My First Colonoscopy Was Great, Except for Three Little Things
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My first colonoscopy was great, except for three little things

My First Colonoscopy Was Great, Except for Three Little Things

Contributed by Francesca Arminio, Alliance Email Marketing Manager

If someone told me I’d have my first colonoscopy at 33, I wouldn’t have believed them. As an avid CrossFit athlete and circus artist, I pride myself on being healthy and in tip-top-shape. My diet is incredibly clean, I am not much of a drinker, and I have never even touched a cigarette. I like to think of myself as a pillar of health.

Working for the Colorectal Cancer Alliance, I frequently joke with friends that “I know too much,” when really, I am lucky to know just enough. I know the statistics — 1 in 23 men and 1 in 25 women will be diagnosed with colorectal cancer, and young-onset is on the rise! Knowing all this, it still took me five months to make an appointment to see a GI specialist after seeing some blood, a potential symptom of colorectal cancer.

When the day of my appointment finally arrived, I was ready to be my own advocate and demand to have my symptoms taken seriously. Being under the age of 45, I am not at the recommended screening age. I was prepared for a fight. I luckily did not have to. After a thorough conversation with my doctor where he asked me a myriad of questions about my recent changes in lifestyle and diet, his recommendation on next steps were clear: colonoscopy

I was shocked, thrilled, relieved, and nervous. In less than a week, I would have some answers.
 
 

Fran participating in various physical exercises like pole and lifting.

I'm an avid CrossFit athlete and circus artist, and vegetables make up 90% of my diet.
 

The prep wasn’t as bad as I thought it would be. I was given the pill version, which was easy to take. I already drink a lot of water, so that part was a piece of cake. As someone who doesn’t eat meat or dairy, changing my diet to be low/no fiber was the most difficult part of the prep experience. Vegetables make up 90% of what I eat and there aren’t many resources for how to prep for your colonoscopy as a vegetarian/vegan. White bread, tofu, peanut butter, and rice crackers were my friends.

When the day finally came, I was ready. I had my ride set to pick me up and prepared to come home and relax for the rest of the day. Our colonoscopy prep tips provided helpful advice. Everyone at the procedure location was fantastic. It is funny to think about just how comfortable all of the staff helped make me feel. I greatly appreciate them because a procedure like this can be extremely scary for folks.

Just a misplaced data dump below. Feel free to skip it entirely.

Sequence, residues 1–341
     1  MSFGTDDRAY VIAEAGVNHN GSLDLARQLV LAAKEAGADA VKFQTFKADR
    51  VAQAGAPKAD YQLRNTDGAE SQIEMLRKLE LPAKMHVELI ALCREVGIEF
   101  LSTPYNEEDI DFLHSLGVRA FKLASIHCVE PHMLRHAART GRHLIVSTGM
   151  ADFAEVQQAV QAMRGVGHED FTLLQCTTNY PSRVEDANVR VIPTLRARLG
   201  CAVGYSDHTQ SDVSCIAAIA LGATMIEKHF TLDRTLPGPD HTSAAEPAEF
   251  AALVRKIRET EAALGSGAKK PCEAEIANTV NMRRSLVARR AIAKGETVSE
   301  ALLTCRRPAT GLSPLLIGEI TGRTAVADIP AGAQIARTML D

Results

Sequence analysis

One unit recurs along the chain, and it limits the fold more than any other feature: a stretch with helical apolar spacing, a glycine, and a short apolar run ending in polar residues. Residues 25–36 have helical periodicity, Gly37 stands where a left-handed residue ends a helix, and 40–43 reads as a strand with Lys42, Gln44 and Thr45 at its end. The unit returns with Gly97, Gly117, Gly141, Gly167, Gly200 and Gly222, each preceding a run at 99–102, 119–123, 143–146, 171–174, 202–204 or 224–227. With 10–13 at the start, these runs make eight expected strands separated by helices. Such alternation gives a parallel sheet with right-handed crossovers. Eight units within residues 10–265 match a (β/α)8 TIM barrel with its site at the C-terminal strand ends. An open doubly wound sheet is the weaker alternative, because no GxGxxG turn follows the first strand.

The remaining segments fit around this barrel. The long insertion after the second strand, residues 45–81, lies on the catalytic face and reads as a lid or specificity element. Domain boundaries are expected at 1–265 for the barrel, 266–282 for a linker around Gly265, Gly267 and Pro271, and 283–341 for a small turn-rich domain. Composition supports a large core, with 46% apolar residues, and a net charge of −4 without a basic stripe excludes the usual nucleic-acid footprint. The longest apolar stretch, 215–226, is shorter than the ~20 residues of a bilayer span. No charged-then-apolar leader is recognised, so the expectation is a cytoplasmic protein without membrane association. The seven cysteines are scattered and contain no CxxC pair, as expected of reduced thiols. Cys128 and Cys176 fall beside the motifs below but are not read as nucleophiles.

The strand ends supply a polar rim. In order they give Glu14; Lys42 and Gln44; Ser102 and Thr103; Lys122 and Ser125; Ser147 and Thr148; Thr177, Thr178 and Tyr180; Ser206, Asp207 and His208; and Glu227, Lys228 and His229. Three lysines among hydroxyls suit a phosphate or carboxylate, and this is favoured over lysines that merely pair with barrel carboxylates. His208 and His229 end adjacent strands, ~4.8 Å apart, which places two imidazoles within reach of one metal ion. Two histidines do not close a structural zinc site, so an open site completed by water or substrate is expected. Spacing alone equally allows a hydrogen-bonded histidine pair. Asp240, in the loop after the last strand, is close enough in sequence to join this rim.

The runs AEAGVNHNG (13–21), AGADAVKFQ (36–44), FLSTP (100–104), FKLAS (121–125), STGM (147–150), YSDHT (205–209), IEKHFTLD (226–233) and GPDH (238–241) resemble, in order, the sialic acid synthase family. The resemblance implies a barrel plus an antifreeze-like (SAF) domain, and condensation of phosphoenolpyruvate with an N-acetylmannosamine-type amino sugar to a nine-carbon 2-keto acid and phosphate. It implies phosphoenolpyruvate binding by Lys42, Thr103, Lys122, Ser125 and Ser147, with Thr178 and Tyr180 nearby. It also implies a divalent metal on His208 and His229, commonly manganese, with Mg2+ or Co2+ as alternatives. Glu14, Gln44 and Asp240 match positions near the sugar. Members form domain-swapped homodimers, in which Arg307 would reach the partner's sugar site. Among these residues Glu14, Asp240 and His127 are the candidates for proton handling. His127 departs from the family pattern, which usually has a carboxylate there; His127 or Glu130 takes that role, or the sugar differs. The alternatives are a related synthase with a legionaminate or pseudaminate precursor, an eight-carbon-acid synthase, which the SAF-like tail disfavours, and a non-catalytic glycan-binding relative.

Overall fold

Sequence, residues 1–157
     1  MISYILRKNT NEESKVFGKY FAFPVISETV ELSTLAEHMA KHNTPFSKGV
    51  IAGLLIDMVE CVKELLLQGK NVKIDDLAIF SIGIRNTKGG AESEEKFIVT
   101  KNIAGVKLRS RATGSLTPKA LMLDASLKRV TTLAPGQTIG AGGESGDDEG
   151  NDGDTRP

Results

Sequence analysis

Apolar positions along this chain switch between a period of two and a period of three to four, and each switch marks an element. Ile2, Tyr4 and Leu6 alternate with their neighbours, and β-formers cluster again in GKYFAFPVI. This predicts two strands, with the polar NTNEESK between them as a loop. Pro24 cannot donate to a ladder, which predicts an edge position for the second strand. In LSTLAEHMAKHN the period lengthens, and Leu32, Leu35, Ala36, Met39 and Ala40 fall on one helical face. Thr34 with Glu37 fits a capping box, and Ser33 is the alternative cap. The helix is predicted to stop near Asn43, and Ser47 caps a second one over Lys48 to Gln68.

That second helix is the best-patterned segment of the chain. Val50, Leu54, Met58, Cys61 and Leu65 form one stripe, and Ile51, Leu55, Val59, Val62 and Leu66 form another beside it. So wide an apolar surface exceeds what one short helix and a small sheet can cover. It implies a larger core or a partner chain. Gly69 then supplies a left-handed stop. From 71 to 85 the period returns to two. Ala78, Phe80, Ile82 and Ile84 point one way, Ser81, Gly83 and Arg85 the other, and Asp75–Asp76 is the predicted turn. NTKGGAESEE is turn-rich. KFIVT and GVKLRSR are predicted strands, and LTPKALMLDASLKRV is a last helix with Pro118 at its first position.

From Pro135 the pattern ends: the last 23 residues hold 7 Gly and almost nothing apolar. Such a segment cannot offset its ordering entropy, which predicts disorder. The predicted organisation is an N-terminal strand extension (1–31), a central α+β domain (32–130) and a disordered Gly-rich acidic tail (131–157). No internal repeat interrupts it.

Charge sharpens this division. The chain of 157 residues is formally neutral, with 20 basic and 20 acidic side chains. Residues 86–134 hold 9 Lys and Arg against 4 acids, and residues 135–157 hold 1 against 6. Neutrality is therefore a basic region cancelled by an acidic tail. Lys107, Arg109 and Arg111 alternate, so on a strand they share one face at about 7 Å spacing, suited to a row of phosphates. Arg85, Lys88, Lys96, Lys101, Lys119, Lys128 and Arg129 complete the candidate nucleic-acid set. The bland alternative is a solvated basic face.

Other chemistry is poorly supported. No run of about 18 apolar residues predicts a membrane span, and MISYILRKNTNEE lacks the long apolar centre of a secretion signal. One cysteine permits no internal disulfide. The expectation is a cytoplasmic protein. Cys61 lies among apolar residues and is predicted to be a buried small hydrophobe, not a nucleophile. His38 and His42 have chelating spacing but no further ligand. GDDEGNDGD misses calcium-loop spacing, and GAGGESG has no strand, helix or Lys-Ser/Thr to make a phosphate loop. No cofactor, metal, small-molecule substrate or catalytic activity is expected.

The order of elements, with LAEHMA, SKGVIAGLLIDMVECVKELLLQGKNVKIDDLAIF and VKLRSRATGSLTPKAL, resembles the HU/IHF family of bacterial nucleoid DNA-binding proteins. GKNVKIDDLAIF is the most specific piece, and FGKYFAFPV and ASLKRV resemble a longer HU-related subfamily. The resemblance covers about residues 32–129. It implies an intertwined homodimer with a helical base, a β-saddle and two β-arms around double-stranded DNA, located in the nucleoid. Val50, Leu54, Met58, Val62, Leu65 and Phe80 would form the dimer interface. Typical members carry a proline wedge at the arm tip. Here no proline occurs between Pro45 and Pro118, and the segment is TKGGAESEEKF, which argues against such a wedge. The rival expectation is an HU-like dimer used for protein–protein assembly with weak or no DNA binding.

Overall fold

My nurses hooked me up to my IV, I rolled over onto my side, closed my eyes, and I was out. When I woke up, my doctor was there waiting for me. He found and removed three small polyps, two in my rectum and one in my transverse colon. They were there, and now they are gone, and I was told I’d need to do this again in five years. In five years I will be 38, still under the recommended age of 45.
 

Fran enjoying life in Washington, D.C.

My advice: Get checked. Cancer doesn’t care about your age or health. 

A few days later I received a call with the pathology report. Two of the polyps were serrated polyps and wouldn’t likely have turned into anything. One caused some concern. It was a traditional serrated adenoma, which according to my pathology report “are intrinsically aggressive lesions and should be treated as advanced adenomas for screening purposes.” My doctor reassured me that he removed it completely but, because of the aggressive nature of this type of polyp, he was updating my record for me to return in three years, instead of five.

What would have happened if I hadn’t taken the step to get screened? That is a question I cannot truly answer. What I can say is that cancer doesn’t care who you are or how healthy you feel. Get screened. It could save your life.

To find out which screening option is best for you, visit quiz.getscreened.org. You will be provided with a personalized screening recommendation based on your risk level. 

If you are currently experiencing symptoms, such as rectal bleeding, abdominal discomfort, or a change in bowel habits, contact your primary care physician or gastroenterologist (GI doctor) immediately.

For any additional questions, please contact the Alliance’s toll-free Helpline at (877) 422-2030.

 

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